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The sooner you stop worrying about what other people think about you and start doing what actually makes you happy, the better off you'll be.
 

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The whole NH doctor is an interesting point. I had a pt a couple weeks ago sent into the ED from the NH. THe staff at the NH said that he had a change of mental status. THat he kept on hitting the call light and that he had said he had wanted to fall out of bed and die. Also said that he was not taking his meds (including some for his dementia/psychosis). It really seemed weak to me and it just seemed like the nurses did not want to keep on running to the room to answer the call light of this demented patient. Well, the pt arrived and said that the only thing that was bothering him was the people who brought him to the ED. Nurses at the ED had seen him before and saw him as no different.

So, I called the covering NH doc who was not really familar with this particular patient. And, I said it seems like if he is not taking his meds including some for his psychosis, he may benefit froma depot injection instead of pills....at which point the NH doc asked me if I could recommend anything. I just laughed at him and said that this was something best followed by his primary. I should have hased him if he wanted me to adjust his BP meds while he was there.



NinerNiner999 said:
Well put Diver! I also think that any "doctor" who supervises a nursing home or assisted living facility defines the word prostitute. They sign medication orders (usually that are renewed from the patients original PMD), and when they get the slightest HINT of anything going wrong (a sniffle, a sneeze, a patient with baseline dementia with 'altered mental status' - that's my personal favorite), they get an all-expense paid trip by private ambulance to the local ED for the $3000 workup and probable discharge back to the home.

On a different note, there is a definite validation for our specialty (yes - specialty) that goes beyond interpersonal skills and triage. In one of my shifts I managed 38 patients, had 7 intubations, 8 central lines, a handful of arterial lines, and basically ran an ICU while waiting for the "MICU team" to wrap up their decision-making on the five patients they took four hours to round on. Our decision-making is directed toward medical emergencies, and treating those without emergencies as quickly and thoroughly as we can. Many can say that any general pracitioner can practice EM and I agree - there really isn't anything too complicated about what we do. The real question is whether they are capable of managing the volume with the accuracy that we are trained to provide. My point? I went home happy that night knowing I had fulfilled my time and actually helped people who needed it. We all joke about the patients who show up at 4am with toe pain, but if they waited 8 hours to be seen for their toe, it was pretty important to them. I would hardly consider doing what we do whoring around. Then again, we have the luxury of whoring around after our shifts all night long without a pager ;)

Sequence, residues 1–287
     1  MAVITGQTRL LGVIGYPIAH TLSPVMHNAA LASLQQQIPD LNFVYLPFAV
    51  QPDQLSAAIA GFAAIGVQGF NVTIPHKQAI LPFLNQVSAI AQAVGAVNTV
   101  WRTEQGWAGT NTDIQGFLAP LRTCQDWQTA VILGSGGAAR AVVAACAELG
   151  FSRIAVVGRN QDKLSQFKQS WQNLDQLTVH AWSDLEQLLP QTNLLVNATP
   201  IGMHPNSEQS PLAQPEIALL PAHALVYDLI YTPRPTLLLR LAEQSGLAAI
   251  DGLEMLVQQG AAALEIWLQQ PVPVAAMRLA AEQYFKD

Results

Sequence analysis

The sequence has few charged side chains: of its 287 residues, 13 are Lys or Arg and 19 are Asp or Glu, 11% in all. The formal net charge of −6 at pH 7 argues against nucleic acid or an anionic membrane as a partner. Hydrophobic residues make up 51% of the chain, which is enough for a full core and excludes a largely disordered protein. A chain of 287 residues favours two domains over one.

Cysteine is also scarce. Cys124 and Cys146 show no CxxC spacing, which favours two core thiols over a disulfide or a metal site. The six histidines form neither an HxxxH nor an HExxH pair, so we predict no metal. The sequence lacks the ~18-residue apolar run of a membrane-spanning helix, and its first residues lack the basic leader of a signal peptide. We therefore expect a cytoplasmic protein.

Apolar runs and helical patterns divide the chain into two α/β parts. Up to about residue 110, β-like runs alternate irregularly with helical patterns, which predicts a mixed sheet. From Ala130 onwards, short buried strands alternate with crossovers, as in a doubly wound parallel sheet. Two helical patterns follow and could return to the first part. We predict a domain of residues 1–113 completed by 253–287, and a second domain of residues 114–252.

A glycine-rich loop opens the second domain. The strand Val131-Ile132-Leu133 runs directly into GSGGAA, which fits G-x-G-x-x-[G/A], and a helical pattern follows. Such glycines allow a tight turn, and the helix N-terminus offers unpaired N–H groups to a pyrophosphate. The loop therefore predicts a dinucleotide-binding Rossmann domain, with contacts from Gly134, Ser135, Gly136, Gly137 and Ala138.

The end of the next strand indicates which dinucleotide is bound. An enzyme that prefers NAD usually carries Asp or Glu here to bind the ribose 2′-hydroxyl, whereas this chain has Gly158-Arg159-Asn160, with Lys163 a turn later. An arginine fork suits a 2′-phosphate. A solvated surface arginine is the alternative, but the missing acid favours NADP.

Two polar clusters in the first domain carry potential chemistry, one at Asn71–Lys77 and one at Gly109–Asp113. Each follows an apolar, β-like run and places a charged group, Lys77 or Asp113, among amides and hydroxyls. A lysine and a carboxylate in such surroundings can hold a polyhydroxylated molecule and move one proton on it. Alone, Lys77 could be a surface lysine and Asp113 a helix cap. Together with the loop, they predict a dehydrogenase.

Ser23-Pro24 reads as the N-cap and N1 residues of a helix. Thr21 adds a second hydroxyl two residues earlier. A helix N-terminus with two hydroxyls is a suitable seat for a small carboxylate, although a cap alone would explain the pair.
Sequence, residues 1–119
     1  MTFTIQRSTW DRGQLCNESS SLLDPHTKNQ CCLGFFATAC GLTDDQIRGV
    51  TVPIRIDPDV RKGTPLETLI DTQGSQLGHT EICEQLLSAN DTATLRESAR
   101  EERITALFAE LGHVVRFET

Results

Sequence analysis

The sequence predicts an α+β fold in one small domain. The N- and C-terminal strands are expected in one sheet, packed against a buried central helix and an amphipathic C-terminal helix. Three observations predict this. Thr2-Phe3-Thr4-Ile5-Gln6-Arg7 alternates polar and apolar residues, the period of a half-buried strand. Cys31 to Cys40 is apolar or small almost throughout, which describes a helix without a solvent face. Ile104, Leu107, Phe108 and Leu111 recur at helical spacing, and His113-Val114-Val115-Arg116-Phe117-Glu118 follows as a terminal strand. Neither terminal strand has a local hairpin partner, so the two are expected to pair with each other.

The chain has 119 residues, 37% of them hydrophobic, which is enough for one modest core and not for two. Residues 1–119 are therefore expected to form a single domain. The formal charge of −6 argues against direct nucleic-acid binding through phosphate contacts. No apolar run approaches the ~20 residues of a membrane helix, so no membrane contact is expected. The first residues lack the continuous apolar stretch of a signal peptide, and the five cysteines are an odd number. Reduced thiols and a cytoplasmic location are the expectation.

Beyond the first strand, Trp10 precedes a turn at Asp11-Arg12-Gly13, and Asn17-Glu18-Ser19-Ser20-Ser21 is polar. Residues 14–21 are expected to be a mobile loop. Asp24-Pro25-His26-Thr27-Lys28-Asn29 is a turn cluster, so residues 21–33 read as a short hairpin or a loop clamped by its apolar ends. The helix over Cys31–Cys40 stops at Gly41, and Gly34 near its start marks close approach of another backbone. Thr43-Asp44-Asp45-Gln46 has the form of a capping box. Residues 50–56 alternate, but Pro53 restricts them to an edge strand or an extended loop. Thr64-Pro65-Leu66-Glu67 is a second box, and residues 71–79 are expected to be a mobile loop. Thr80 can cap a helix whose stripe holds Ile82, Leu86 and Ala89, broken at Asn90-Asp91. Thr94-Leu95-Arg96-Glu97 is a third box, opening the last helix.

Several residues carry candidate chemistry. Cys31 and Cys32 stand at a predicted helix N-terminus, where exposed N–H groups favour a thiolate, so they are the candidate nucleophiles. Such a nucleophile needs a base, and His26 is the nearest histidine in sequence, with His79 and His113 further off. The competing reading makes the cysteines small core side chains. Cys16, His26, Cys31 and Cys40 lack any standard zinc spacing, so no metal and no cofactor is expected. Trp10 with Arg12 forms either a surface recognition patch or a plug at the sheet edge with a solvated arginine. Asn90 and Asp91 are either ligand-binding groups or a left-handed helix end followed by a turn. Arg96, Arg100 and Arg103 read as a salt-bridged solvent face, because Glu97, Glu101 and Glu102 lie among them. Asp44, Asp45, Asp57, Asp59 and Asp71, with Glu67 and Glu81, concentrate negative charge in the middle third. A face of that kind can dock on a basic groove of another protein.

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Working at a community hospital, we once had an 80 year old woman dropped off in the triage lobby by the nursing home transport company. They did not leave a note or documentation or anything, just left the patient in the lobby.

When I called the nursing home and yelled at them, they claimed that the patient was sent to the hospital for "r/o TIA". I asked them exactly how they'd like me to rule that out, seeing that the patient was currently asymptomatic. They had no further suggestions.
 

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After my last nursing home dump I got the social work department at my hospital involved. They brought suit against the home for abandonment. Long story short, the nursing home lost, and the ruling obligates them to return all compensation received for patient care on behalf of this patient and pay a penalty (in the thousands). Serves the bastards right too. :smuggrin:
 

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bartleby said:
The sooner you stop worrying about what other people think about you and start doing what actually makes you happy, the better off you'll be.
I think the issue is more how to respond when people make these sorts of comments.

Re: nursing homes: The patient I mentioned earlier who we sent to the ED from the clinic came here from her rehab/nursing home facility. At the NH, apparently, they didn't want to deal with her BiPap (too much trouble), so they just put her on oxygen. Which was a bad idea, since the reason for her respiratory distress was an inability to control her muscles/diaphragm from progressive neuromuscular disease; the more oxygen they gave her, the less she breathed, etc. (sorry for the un-medicalness :p...I'm not in med school yet!)

Aren't there good nursing homes out there? It's a shame to think of all of the elderly people without other options who have to live with such indifferent people caring for them.
 

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tigress said:
I think the issue is more how to respond when people make these sorts of comments.

Re: nursing homes: The patient I mentioned earlier who we sent to the ED from the clinic came here from her rehab/nursing home facility. At the NH, apparently, they didn't want to deal with her BiPap (too much trouble), so they just put her on oxygen. Which was a bad idea, since the reason for her respiratory distress was an inability to control her muscles/diaphragm from progressive neuromuscular disease; the more oxygen they gave her, the less she breathed, etc. (sorry for the un-medicalness :p...I'm not in med school yet!)